This weekend is ShmooCon, a hacker convention held in Washington DC. Brian Benchoff and I will be there, both of us for the first time. We’d love your input on what talks look the most interesting. Check out the schedule of speakers, then leave a comment below to let us know which talks you think we should cover.
On Saturday join us for a Hackaday meetup in the lobby of the Washington Hilton. ShmooCon is well-regarded for the quality of its “lobby-con”, what better place to gather? Look for the Hackaday crowd starting Saturday 1/16 at 8:45am. We’ll bring the donuts, and some swag like Hackaday Omnibus Vol. 02 and of course, some Jolly Wrencher stickers.
We are just a few days away from the 2015 Chaos Communications Congress in Hamburg Germany and we’re happy to say that a couple of the Hackaday crew will be on hand.
The annual event is one of the premier hacker conferences in the entire world. Both [Voja Antonic] and [Nava Whiteford] will be attending this year’s 32C3, which runs from Sunday the 27th through Wednesday the 30th.
[Nava] will be less tied town, and looking for the best there is to see at the conference. If you want to connect with him, give his Twitter account a jingle: @new299.
Shmoocon is in the middle of January and boasts “Less Moose than Ever”. It’s notoriously hard to get a ticket for the annual hacker convention held in Washington, DC. We asked for three press passes and they were kind enough to provide one. We tried and failed to get tickets during the second public release, which sold out 900 passes in 7.58 seconds.
We’re Looking for One More Ticket!
We were able to purchase a single ticket second-hand, so along with the press pass we now have two. [Mike] and [Brian] are both planning to attend, but we’d like it if [Sophi] could be there as well. If you know of an extra ticket which we can buy at face value, please email mike at Hackaday with the details.
Will you be at Shmoocon? Want to meet up with [Brian], [Mike], and hopefully [Sophi], or know of an activity there we just shouldn’t miss? Ping us on Twitter (@szczys, @bbenchoff, @sophikravitz).
Also, how are our choices on con attendance so far? Leave a comment below and let us know what hacking events you think we just shouldn’t miss in the coming year.
Take a few minutes and watch [atlas of d00m], at Shmoocon 2012, presenting information about using the RF dongle from the Chronos to explore ISM bands. Admittedly, I’m not very familiar with many of the things he discusses, but the words make sense. The bits and pieces I am familiar enough with to comprehend are truly fascinating. He covers typical methods of RF modulation as well as some hardware specific information to that dongle.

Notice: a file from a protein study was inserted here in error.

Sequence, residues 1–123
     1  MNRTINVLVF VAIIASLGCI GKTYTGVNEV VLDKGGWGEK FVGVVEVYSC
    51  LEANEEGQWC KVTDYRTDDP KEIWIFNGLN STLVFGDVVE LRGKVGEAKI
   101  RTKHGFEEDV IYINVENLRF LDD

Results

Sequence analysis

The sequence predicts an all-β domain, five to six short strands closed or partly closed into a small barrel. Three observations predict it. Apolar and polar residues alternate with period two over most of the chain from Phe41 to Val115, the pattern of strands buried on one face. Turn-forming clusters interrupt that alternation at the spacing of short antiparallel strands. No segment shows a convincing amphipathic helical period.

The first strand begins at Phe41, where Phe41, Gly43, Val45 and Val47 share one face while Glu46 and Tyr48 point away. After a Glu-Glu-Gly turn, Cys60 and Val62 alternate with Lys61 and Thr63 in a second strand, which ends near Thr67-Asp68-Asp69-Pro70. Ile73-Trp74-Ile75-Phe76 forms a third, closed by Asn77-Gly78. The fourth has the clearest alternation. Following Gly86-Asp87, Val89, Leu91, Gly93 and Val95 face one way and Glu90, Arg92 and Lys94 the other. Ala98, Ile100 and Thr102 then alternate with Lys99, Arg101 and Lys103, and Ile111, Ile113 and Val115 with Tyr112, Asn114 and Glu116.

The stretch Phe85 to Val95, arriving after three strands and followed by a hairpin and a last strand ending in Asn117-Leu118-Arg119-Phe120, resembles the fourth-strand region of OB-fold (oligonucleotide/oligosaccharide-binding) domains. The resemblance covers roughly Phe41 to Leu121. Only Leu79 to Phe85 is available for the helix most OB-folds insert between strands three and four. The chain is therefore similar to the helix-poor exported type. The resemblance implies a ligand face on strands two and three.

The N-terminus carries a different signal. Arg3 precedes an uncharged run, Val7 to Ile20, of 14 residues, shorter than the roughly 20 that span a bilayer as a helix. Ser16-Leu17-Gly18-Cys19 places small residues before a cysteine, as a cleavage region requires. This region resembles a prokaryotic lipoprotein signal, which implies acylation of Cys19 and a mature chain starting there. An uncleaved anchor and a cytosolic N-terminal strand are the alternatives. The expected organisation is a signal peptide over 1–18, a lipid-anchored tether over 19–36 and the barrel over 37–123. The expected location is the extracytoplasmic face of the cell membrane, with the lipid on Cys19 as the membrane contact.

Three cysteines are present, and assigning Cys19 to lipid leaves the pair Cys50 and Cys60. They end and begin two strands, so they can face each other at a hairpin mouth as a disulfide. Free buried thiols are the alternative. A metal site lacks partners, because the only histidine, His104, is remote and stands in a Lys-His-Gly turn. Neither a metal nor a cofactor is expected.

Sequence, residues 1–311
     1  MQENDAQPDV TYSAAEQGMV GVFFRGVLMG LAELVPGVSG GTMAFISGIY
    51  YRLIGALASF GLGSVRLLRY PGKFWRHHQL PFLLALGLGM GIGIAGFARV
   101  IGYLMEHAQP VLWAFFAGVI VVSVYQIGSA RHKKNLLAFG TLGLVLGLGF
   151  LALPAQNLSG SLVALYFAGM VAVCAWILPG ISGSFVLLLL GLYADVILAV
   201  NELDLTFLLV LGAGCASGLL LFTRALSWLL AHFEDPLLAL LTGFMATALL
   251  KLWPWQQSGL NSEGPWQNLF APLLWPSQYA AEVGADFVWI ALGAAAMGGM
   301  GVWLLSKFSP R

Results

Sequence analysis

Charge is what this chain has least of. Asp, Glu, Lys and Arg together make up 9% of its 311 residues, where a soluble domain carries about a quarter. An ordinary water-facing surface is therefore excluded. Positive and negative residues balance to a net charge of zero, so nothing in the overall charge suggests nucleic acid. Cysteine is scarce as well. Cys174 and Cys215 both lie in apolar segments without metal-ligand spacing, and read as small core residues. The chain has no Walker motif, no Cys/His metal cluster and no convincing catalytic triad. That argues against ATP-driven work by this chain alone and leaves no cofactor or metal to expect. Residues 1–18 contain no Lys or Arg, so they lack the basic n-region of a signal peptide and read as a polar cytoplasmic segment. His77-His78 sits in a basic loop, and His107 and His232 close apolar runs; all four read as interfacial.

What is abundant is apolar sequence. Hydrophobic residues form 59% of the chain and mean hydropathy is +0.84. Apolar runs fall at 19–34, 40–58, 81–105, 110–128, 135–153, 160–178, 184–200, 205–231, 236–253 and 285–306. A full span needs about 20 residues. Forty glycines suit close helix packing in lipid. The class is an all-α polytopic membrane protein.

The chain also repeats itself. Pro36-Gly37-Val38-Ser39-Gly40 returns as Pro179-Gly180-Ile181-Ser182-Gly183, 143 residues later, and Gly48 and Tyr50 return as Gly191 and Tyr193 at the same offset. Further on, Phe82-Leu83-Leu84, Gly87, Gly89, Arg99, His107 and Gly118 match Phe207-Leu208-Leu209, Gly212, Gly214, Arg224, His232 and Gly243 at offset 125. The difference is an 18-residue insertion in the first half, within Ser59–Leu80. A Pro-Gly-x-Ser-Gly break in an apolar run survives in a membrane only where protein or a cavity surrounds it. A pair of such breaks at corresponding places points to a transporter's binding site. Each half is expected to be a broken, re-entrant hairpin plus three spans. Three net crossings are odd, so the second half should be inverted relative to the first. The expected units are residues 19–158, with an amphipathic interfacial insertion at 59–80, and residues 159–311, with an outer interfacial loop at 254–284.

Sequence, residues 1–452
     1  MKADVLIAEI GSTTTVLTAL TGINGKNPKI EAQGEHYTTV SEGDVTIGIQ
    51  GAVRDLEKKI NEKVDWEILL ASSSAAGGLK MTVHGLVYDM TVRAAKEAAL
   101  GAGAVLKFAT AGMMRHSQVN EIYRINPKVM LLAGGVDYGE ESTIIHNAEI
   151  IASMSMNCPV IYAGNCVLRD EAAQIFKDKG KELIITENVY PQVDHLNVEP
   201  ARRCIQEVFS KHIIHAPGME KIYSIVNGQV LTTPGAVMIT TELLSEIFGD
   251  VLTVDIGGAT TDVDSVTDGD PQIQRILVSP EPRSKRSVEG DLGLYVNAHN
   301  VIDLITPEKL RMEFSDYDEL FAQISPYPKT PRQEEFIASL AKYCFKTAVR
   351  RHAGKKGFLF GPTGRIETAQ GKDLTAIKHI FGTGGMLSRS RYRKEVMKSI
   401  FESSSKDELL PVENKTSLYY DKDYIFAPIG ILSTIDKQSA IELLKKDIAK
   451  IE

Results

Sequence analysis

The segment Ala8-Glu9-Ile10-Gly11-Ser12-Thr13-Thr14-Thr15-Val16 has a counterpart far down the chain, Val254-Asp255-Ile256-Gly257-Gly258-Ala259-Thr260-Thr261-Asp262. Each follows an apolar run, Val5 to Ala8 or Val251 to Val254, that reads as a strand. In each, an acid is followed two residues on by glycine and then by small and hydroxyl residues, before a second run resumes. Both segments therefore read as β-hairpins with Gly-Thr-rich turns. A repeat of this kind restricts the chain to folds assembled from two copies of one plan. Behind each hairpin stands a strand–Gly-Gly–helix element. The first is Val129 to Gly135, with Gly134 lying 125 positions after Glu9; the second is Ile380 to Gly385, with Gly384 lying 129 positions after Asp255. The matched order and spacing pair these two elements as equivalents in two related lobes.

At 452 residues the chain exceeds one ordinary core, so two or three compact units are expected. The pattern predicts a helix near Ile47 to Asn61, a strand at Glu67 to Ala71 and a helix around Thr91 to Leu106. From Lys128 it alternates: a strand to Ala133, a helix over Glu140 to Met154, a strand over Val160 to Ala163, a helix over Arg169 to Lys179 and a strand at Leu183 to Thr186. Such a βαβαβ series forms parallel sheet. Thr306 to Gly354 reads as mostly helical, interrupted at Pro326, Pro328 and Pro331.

We’ve been eagerly anticipating this, [Larry] has published the entire build of the Shmooball gun for 2009. This design is more compact and elegant than the one for 2008 and has a slightly more Ghost Buster’s aesthetic about it. The pictures are great and there’s lots of good tips along the way. We can’t wait to see what they make next year. How about a gattling version?
When we first saw [Chris Paget]’s cloning video, our reaction was pretty ‘meh’. We’d seen RFID cloning before and the Mifare crack was probably the last time RFID was actually interesting. His ShmooCon presentation, embedded above, caught us completely off-guard. It’s very informative; we highly recommend it.
The hardest part about selling this talk is that it has to use two overloaded words: ‘RFID’ and ‘passport’. The Passport Card, which is part the the Western Hemisphere Travel Initiative (WHTI), is not like the passport book that you’re familiar with. It has the form factor of a driver’s license and can only be used for land and sea travel between the USA, Canada, the Caribbean region, Bermuda, and Mexico. They’ve only started issuing them this year.
The first talk of ShmooCon was [Ethan O’Toole] and [Matt Davis] presenting their OpenVulture software for unmanned vehicles. In the initial stages, they had just planned on building software for Unmanned Aerial Vehicles, but realized that with the proper planning it could be used with any vehicle: airplanes, cars, boats, and subs (or more specifically, their Barbie PowerWheels). The software is in two parts. First is a library that lets you communicate with each of the vehicle’s modules. The second half is the actual navigation software.
They’ve spent a lot of time sourcing hardware modules. They are looking for items that work well, aren’t too expensive, and have a fairly plug and play implementation. For their main processor, they wanted something that wasn’t a microcontroller and could run a full Linux system. The ARM based NSLU2 NAS seems to be the current frontrunner. You can find the opensource software and descriptions of the supported modules on their site.
They’re building the first test UAVs now. One has a 12 foot wingspan for greater lift and stability. We’ve covered the Arduino based Ardupilot and other UAVs in the past.
The registration desk hasn’t opened yet at ShmooCon 2009, but we’re already running into old friends. We found [Larry Pesce] and [Paul Asadoorian] from the PaulDotCom Security Weekly podcast showing off their latest ShmooBall gun. ShmooBalls have been a staple of ShmooCon from the very beginning. They’re soft foam balls distributed to each of the attendees who can then use them to pelt the speakers when they disagree. It’s a semi-anonymous way of expressing your dismay physically. [Larry] has been building bigger and better ways to shoot the ShmooBalls for the last couple years. You may remember seeing the 2008 model. This year the goal was to make the gun part much lighter. The CO2 supply is mounted remotely with a solenoid valve and coiled air line. The pistol grip has a light up arming switch and trigger. The gun is fairly easy to transport: the air line has a quick disconnect and the power is connected using ethernet jacks.